# 2D collision response and gravity

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Hey guys, whaaaats happening, I've been working on my program to simulate collision detection using SAT and it works nicely, the shapes that are moving move nicely along the surfaces of the static polygons they are hitting. But now I'm looking to handle the response of the collision. I would like to do this for static vs. moving poly first, but would like to work out an algorithm that will later also be useful for moving vs. moving poly. Thats why I was thinking of something impulse-based. Right now what I am doing as a response is calculating the angle between the velocity vector and the edge of the static shape, and the rotating the velocity vector by two times that angle. This works, but I'm pretty sure there is a better way to handle that, especially since I would like to be able to change the responce based on bounce and friction settings. The only possibility I see to solve thise would include the normal of the edge being hit. For example assigning the normal (normalized too) * velocity.Magnitude to the velocity vector and then working from there. I would appreciate it if you guys could give me some tips/links etc. on how I should best approach this topic. I forgot most of the stuff I learned about mechanics in physics as it was many years ago, but it shouldn't be too hard for me to learn. Also, what would be the best way to simulate gravity. I have never done this and just tried something like this: velocityVect.Y += velocityVect.Y * acceleration. (I would do this every time I updated the position...framerate is about 31 fps, using C#). It kinda looked like gravity, but it came into conflict with my collisiong detection, as the poly would eventually just falls through the static poly while sliding along it. My theory on this error. Every time my animation and therefore my poly's position is updated, I move it by the velocity: polygonA + velocityVect, and then the minimum translation vector is calculated (if there is a collision) and I check whether it is facing the correct way. Then I move the polygon by that vector: polygonA + minimumTranslationVector. This works well and the shape slides along the surface nicely. But if I add velocityVect.Y * acceleration at every tick, it will eventually get very big, so the penetration distance gets bigger and bigger as it slides along and eventually it is so far in that a new minimum translationvector is calculated and the whole thing messes up. If anyone could give me a tip on what I was doing wrong and how to improve this, that would be greeeaat. Cheers, Chris

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For the collision response, the simple case is to treat the object like a ray of light (remember any optics from physics?) An incident ray is reflected about the surface normal at an angle equal to the angle of incidence. I think "bounce" would act as some sort of multiplier on the magnitude of the reflected velocity vector, but wouldn't change the direction. "Friction" on the surface could be modeled by making the reflected angle more oblique (larger) than a "frictionless" reflected ray would be, and making it proportional to the magnitude of the velocity. ie. a slow moving object would be more affected by friction than a faster moving object. And friction should probably reduce the bounce factor as well.

If you colocate the tails of the surface normal vector and the incident velocity vector and change the signs of the velocity vector components, then the angle between them (A1) will be in the range of [0 to pi/2]. The reflected angle (with respect to the surface normal) will then be -(A1 + frictionFunction(magnitudeOfvelocity)). drawing it on a piece of paper helps.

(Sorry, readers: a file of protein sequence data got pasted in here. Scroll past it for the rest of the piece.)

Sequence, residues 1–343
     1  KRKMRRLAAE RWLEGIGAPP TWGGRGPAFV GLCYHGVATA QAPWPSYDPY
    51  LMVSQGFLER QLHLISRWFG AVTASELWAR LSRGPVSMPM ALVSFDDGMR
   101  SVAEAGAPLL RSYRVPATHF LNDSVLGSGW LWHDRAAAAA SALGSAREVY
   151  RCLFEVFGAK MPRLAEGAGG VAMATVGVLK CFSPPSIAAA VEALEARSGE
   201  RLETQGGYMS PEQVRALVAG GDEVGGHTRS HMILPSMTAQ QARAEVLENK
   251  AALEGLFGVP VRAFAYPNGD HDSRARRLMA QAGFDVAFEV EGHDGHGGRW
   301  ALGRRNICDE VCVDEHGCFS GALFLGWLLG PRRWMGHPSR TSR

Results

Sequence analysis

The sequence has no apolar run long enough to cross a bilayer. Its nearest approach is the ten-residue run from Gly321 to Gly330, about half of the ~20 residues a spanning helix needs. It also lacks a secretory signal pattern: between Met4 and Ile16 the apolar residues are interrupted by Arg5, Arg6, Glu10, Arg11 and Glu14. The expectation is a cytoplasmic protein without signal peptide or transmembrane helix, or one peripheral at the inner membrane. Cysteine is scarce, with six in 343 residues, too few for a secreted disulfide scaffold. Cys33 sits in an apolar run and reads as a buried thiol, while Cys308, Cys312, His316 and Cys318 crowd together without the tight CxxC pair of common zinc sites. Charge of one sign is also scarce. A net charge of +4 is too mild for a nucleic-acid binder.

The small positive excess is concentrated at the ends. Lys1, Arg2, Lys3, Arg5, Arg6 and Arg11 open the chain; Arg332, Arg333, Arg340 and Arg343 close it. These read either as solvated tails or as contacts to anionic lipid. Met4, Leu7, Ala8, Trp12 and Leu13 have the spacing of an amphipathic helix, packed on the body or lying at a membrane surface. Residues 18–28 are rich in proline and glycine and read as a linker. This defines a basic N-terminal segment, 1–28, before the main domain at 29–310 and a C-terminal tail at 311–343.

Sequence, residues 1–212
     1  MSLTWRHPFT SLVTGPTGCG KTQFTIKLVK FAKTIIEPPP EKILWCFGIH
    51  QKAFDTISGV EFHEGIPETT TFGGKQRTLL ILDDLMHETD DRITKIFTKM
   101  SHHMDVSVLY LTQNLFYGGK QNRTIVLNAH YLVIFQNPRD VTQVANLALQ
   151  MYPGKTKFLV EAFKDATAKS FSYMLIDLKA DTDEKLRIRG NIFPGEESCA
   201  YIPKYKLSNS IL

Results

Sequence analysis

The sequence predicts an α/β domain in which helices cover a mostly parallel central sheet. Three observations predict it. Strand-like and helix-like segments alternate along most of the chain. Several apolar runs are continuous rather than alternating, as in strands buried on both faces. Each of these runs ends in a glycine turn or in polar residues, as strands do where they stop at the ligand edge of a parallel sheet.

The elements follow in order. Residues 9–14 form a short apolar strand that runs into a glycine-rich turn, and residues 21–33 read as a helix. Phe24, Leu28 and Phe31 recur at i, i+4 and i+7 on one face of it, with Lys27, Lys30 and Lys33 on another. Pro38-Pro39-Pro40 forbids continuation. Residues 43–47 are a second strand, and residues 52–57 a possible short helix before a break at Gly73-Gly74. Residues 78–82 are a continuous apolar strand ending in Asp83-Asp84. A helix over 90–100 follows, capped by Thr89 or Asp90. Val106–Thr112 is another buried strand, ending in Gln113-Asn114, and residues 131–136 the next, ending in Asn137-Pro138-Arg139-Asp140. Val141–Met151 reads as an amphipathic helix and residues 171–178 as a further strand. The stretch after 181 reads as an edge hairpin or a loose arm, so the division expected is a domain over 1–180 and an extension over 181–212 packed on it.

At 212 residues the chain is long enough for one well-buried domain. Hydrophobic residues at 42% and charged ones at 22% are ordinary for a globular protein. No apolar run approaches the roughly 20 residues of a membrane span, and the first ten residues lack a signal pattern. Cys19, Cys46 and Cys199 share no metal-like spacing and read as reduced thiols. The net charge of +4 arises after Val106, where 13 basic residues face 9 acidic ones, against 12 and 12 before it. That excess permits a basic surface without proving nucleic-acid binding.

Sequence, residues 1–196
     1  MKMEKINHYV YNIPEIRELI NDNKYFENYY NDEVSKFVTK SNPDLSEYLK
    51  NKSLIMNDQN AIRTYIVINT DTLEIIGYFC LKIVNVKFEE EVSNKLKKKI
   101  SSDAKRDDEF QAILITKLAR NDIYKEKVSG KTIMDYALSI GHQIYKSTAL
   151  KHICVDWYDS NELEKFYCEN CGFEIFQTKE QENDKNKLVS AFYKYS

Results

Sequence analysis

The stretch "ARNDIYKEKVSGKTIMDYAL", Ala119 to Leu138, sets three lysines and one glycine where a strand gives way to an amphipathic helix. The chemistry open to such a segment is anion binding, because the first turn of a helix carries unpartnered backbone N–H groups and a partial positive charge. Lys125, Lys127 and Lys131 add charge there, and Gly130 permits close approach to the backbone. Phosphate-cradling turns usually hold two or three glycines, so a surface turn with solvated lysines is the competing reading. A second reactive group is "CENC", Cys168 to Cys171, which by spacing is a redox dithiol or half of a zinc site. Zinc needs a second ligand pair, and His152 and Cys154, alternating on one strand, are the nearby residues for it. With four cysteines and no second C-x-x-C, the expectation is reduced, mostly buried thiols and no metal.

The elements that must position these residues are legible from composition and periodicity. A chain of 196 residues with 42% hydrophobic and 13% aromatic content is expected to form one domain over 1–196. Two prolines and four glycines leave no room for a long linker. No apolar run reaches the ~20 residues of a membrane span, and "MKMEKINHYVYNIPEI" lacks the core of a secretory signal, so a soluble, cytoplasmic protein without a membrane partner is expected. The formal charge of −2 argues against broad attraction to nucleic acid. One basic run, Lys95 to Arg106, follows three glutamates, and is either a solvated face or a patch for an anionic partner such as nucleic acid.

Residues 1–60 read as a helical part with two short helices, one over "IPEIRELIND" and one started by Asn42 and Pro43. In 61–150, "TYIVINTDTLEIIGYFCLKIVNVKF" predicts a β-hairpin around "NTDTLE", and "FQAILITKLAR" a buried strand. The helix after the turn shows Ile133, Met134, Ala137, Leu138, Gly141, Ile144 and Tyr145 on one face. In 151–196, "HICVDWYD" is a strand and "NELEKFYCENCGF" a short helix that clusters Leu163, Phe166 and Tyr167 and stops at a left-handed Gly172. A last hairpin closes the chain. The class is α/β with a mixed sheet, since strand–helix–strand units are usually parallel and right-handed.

As for gravity,
velocityVect.Y += (acceleration.Y * timeSinceLastUpdate)

As with most physics problems, the units help:
meters/second += (meters/second/second) * seconds

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Okay, thanks so I guess I could use the timer interval as delta t in the acceleration formula. As for the "reflection", here is what I was thinking:

I calculate the new velocity vector (after having detected a collision) by splitting it into a component perpendicular and one orthogonal to the edge that is being hit. Here is what I had in mind (using an example):

An edge defined by the vectors OA = (3, 5) and OB = (9, 7) -> AB = edge = (6, 2).
A velocity vector of v = (2, 2).

Get the angle between these two vectors -> alpha = 26.5650... degrees.
Use this to calculate the magnitudes of the orthogonal and parallel (to the edge) component of the current velocity.
I get: |vOrth| = |v| * sin(26) = 1.2649...(analog for vPar). |vPar| = 2.5421...

Now all I have to do is calculate the components of the new vector. For the component of the new velocity vector orthogonal to the edge, I can use the normalized minimum translation vector (mtv) as a reference, like so:
vNewOrth = mtv(normalized) * |vOrth| = (0.4, -1.2).
I am using the mtv since I know it is pointing in the right direction (I check for this in my collision test algorithm using the dot product of this and the vector between the two centers of the polygons).

I can also calculate the parallel compenent like so:
vNewPar = edge(normalized) * |vPar| = (2.4, 0.8).

Now getting the new velocity vector (vNew) is as easy as adding the two components: vNew = vNewOrth + vNewPar = (2.8, -0.4).
This is also what I get when I draw everything on paper like you suggested.

I could now use vNewOrth and vNewPar to represent friction and bounce, by just multiplying them with a certain value, right?

What do you guys think of doing it this way? Would you encourage I calculate everything like this or do you have other suggestion/see bad problems in my way of doing it? I am uncertain at the point...errors and bugs always come up when testing everything.

Cheers,
Chris

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